Exberliner Magazine

Berlin stokes foreign investor land rush

Berlin stokes foreign investor land rush
Photo: Exberliner, David Beecroft
Berlin is a roomy place, but private investors from Britain and the United States have come to see the German capital as fertile ground for a cheap property deal. Ben Knight finds out how much of the city is left for Exberliner magazine.

Tarhilo Sarrazin does not need any help making himself unpopular in Berlin. The city-state’s former finance minister caused a media stink last month by calling Berliners un-intellectual and lazy, and blaming the city’s history of government subsidisation on a collectively careless mentality. But perhaps his entertainingly bigoted remarks are not his worst disservice to Berlin. His time in power was characterised by a zeal for balancing the city’s books, and in pursuit of this he left few sources of revenue unexplored.

Selling land as public policy

For Sarrazin, the city’s real estate was an obvious asset to exploit, and plenty of Berlin politicians noticed his reckless policy. Klaus-Dieter Gröhler, local councillor for Charlottenburg and Wilmersdorf, says, “Berlin should not just market plots of land to stop gaps in the budget. That is not sustainable.” Ephraim Gothe, councillor for town development in Mitte, agrees, “Sarrazin usually forced through unconditional sales.” This policy left the city with little control over its own development.

Councillors for individual districts like Gröhler and Gothe are not idealists who champion the freedom of public property. They just found themselves protecting their district interests against Sarrazin’s finance department, eager to sell off land for any supermarket chain that will have it. “I don’t have anything against privatising land in principle, but the state should keep back some of the money – maybe 20 or 25 percent – to buy other land that it might need,” says Gröhler.

But Sarrazin is of course no longer in office, and Gröhler is still cautious about his successor, Ulrich Nussbaum. “He hasn’t been in office long enough; we’ll just have to wait and see,” he says.

The Marx Engels Forum

That Sarrazin’s influence has finally ended can be seen in the case of the Marx-Engels-Forum, the open park to the west of the TV Tower, where a bronze Karl Marx sits with Friedrich Engels at his shoulder, amid reliefs depicting happy life in socialist society. The small park was opened in the mid-eighties, and the ruling party of communist East Germany, the SED, was closely involved in its design. Earlier this year, it was reported that the city wanted to sell this prime piece of central Berlin. According to the papers, Sarrazin thought the sale of the park would be “particularly lucrative” for the city. Like the Palast der Republik, the famous building on the other side of the river that once housed the East German parliament, the Marx-Engels-Forum is emotionally associated with Berlin’s East German past, and like the Palast (whose demolition was completed earlier this year), it appeared doomed.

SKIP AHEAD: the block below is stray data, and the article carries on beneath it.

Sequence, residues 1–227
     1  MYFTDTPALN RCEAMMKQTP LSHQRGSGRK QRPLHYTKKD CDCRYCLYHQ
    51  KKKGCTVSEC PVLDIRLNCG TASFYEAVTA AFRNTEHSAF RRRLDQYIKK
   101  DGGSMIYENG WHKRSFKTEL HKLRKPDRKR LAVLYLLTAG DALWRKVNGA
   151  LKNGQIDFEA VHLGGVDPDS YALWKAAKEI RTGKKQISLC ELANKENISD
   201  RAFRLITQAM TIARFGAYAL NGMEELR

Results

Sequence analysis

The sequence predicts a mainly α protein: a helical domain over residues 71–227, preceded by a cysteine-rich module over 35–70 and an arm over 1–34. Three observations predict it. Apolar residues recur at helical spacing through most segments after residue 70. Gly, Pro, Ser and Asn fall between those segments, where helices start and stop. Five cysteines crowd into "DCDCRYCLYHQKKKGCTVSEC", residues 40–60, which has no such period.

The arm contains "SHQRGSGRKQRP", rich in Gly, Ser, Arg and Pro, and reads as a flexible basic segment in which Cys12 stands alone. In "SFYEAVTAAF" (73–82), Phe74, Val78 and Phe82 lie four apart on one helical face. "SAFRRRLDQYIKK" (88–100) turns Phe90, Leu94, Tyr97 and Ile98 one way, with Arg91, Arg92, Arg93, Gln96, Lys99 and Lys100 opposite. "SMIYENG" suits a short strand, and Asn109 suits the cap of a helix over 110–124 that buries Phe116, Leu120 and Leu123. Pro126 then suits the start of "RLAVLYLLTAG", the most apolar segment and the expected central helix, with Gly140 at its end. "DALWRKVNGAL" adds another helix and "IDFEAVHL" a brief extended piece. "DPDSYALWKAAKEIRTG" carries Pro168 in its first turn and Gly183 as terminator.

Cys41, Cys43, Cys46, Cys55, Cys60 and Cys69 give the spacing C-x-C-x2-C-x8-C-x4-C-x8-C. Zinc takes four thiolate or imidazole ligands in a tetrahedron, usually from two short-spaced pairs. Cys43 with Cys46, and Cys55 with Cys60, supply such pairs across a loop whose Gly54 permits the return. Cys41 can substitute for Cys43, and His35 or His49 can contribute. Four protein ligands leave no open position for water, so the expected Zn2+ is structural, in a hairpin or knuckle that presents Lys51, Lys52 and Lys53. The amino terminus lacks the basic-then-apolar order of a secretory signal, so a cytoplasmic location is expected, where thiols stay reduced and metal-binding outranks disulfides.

But the plan to sell the property has now officially been abandoned, for different reasons. Regula Lüscher, construction director of the city Department for Urban Development, maintains that the change of plans was the result of a change of course that marked her appointment. Lüscher decided not to execute plans of her predecessor, the publicly decorated Hans Stimmann, Berlin’s construction director from 1991-1996 and 1999–2006, who is infamous for the Prussian style he imposed on the city (and the Alexa shopping centre!). Stimmann wanted to build a small medieval village on the site, also with a free space – a kind of re-creation of the historical birth of the city of Berlin, which was founded in the area. “I’ve nothing against re-designing it, but I don’t think it’s a good idea to reconstruct medieval structures there. The area will be re-designed from 2012 onwards, but it will remain an open space for the public,” Lüscher says.

Straightforward as this sounds, financial drawbacks probably also played a part in the decision not to develop the Marx-Engels-Forum. It turned out that the land, which was an inner city residential quarter before the war, originally belonged to more than 50 other parties, including Jewish families whose property was confiscated by the Nazi regime. If the land had been sold and turned into a building site, those parties would have had compensation rights, and the project would have cost more than the city could make from it. “This probably had something to do with the fact that the city decided not to sell,” confirmed a spokeswoman for the Liegenschaftsfonds Berlin, the private marketing agency that the city uses to sell its property.

A historical template

But although Berlin has lost its chance to have a fake medieval village, Lüscher does intend to re-develop the entire city centre according to a historical template. The tip of this archaeological iceberg will be the Stadtschloss, a reconstruction of Berlin’s central imperial castle, the residence of Prussian kings and German kaisers, on the site of the Palast der Republik. The guiding principle of Lüscher’s vision for the historical city centre, stretching out south and east from the Stadtschloss to the river, is the idea that history should not be reconstructed, but ‘uncovered’. Archaeological remains are to be dug up and displayed in between modern apartment blocks. “It is meant to be the renaissance of the city centre. It is meant to bring the population of Berlin back into the centre … And at the same time we want to remind people that this was the birthplace of the city.”